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Building FASD State Systems

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Statewide FASD Surveillance System. ... FASD diagnostic data provided clear picture' of youth ... Make up new acronyms: TIMS Treatment Intervention Mentors ... – PowerPoint PPT presentation

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Title: Building FASD State Systems


1
Utilizing Mentoring Modeling to Improve
Services to Youth Through a Medicaid Waiver
  • Building FASD State Systems
  • May 13-14, 2009
  • Presenters
  • L. Diane Casto, MPA Barbara Knapp
  • Alaska DHSS, Behavioral Health Alaska DHSS,
    Behavioral Health
  • Dan Dubovsky, MSW Cheri Scott
  • FASD Center for Excellence Stone Soup Group

2
Alaskas FASD History
  • Alaska Native Medical Center with IHS funding
    began early alcohol-use screening for all
    pregnant women using Alaska Native Health
    Services in mid-1980s.
  • Established statewide advocacy and services for
    Alaska Native women and children to reduce and
    prevention FASDprogram eliminated in mid-1990s.
  • 1997 Alaska Department of Health Social
    Services holds first Alaska FAS Summit.
  • 1998 Alaska Office of Fetal Alcohol Syndrome
    established with 300,000 seed-money from AK
    Mental Health Trust.

3
Alaskas FASD History
  • Alaskas FASD Project4 primary outcomes
  • Prevention of alcohol-exposed births
  • Statewide system of community-based FASD
    Diagnostic Teamsimproved diagnostic services
  • Quality system of services for individuals with a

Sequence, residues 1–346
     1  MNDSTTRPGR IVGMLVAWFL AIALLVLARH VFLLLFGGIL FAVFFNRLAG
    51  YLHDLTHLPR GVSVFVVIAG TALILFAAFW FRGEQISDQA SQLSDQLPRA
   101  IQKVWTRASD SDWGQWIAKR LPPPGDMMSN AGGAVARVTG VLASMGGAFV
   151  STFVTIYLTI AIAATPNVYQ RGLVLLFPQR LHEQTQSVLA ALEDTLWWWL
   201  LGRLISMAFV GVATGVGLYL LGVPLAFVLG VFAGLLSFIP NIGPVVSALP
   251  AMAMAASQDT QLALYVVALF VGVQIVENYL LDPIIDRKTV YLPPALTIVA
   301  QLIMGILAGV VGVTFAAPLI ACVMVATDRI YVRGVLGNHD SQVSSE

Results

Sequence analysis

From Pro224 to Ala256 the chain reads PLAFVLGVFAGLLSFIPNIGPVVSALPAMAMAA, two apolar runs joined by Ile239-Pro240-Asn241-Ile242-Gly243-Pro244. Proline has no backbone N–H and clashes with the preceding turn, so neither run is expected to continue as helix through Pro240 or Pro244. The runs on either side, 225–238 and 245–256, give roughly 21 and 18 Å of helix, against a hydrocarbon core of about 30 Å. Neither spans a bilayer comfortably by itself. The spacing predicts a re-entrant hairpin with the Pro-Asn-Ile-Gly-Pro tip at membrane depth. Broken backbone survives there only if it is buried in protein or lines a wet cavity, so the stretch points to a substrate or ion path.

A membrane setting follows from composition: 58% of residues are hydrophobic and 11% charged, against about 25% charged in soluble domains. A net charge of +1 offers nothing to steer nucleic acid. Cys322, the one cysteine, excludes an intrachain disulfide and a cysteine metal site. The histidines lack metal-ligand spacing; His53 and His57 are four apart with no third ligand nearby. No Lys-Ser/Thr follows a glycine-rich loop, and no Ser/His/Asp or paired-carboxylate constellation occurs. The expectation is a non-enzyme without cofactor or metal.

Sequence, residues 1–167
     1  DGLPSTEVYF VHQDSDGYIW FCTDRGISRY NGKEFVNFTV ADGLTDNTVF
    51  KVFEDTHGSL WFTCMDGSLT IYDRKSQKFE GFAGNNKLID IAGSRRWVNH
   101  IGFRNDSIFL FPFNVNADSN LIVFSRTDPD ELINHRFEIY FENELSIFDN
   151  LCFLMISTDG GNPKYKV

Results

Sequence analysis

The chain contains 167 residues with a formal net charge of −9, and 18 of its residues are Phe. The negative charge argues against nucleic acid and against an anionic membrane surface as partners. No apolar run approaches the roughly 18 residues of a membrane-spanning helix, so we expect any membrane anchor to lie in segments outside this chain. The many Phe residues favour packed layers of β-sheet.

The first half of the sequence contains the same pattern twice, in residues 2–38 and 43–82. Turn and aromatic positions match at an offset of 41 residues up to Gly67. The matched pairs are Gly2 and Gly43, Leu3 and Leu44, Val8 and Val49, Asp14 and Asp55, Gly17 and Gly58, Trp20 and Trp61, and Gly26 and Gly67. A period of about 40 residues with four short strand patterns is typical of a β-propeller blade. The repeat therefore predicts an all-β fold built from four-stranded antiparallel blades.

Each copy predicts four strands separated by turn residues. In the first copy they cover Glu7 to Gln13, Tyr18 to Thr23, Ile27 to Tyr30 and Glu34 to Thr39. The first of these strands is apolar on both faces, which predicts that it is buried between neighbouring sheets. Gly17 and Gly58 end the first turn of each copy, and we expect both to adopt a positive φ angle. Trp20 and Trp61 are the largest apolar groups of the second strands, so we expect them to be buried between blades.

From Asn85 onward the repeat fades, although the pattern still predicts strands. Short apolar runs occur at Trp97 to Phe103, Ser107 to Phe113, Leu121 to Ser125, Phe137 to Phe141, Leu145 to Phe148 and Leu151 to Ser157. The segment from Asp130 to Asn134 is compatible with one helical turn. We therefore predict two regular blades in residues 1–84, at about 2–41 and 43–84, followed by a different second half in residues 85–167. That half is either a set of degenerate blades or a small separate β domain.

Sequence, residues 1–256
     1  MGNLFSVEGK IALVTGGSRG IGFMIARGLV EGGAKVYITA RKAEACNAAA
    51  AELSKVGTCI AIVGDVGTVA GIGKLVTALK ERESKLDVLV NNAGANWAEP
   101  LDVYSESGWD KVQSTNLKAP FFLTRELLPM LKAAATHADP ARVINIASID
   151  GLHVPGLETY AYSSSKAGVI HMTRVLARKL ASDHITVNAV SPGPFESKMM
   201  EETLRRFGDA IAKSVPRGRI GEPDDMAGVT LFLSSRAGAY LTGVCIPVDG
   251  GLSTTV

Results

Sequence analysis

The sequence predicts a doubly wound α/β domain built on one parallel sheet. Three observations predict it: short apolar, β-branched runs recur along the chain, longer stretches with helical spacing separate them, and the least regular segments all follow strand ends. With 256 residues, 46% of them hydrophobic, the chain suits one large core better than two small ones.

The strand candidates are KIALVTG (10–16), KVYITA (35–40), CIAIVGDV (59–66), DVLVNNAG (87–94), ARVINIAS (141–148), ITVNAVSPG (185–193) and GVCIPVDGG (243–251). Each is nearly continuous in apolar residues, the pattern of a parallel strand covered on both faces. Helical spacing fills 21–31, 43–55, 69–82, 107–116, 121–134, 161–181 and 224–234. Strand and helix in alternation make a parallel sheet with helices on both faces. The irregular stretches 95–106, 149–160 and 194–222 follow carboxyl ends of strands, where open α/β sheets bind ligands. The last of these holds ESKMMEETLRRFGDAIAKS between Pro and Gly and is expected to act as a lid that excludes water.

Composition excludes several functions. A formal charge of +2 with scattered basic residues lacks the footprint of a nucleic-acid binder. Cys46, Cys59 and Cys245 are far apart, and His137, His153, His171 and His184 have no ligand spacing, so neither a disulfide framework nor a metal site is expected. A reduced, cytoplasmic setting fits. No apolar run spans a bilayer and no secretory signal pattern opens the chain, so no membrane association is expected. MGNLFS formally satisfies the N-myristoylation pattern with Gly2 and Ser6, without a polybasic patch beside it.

fetal alcohol spectrum disorder and their
    families
  • Statewide FASD Surveillance System.
  • October 2000 -- 29 million federal earmark to
    establish a statewide FASD system of services and
    program 5.8 million per year for 5 years

4
Laying Foundation for FASD Waiver Project
  • FASD diagnostic data provided clear picture of
    youth with co-occurring SED and FASD diagnoses.
  • Able to document need for Medicaid Waiver for
    youth ages 14-21 at high risk for out-of-state
    placement in RPTC with SED and FASD.
  • Applied for SED Medicaid Waiver Demonstration
    Project in 2007 awarded 1 of 10 Waiver grants.
  • 5-year award to expend 10 million in existing
    Medicaid funds on waivered services.

5
An Alaskan Alternative to Residential Psychiatric
Treatment
  • Select the project
  • Locate a federal grant Request For Proposal (RFP)
  • Pick a project no one else has tried
  • Call a meeting
  • Policy makers
  • Program designers
  • Computer software designers
  • Regulations writers
  • National experts on the subject
  • Stakeholders

6
An Alaskan Alternative to Residential Psychiatric
Treatment
  • Pick a population to serve
  • Youth age 14-20 years old
  • Meet level of care for Residential Psychiatric
    Treatment Center, and
  • With known prenatal exposure to alcohol or a
    Fetal Alcohol Spectrum Disorder Diagnosis

7
An Alaskan Alternative to Residential Psychiatric
Treatment
  • Make up new acronyms
  • TIMS Treatment Intervention Mentors
  • 3M Modeling, Mentoring, Monitoring
  • RPTC Residential Psychiatric Treatment Center
  • Define new services
  • Mentor
  • Training Consultative Services
  • Community Transition
  • Supported Employment

8
An Alaskan Alternative to Residential Psychiatric
Treatment
  • Define Service Providers
  • Collaborative ventures between two previously
  • unrelated service providers
  • Home and Community Based Agencies
  • Community Mental Health Centers

9
An Alaskan Alternative to Residential Psychiatric
Treatment
  • Home and Community Based Service (HCB) Agencies
  • Traditional Medicaid Waiver Service Providers
  • Habilitation
  • group home
  • foster home
  • day habilitation
  • Supported employment services
  • Hourly daily respite
  • Community Transition services

10
An Alaskan Alternative to Residential Psychiatric
Treatment
  • Community Mental Health Centers (CMHC)
  • All HCB Agency services CMHC services
  • Individual Group Skill Development
  • Case Management
  • Training Consultative Services

11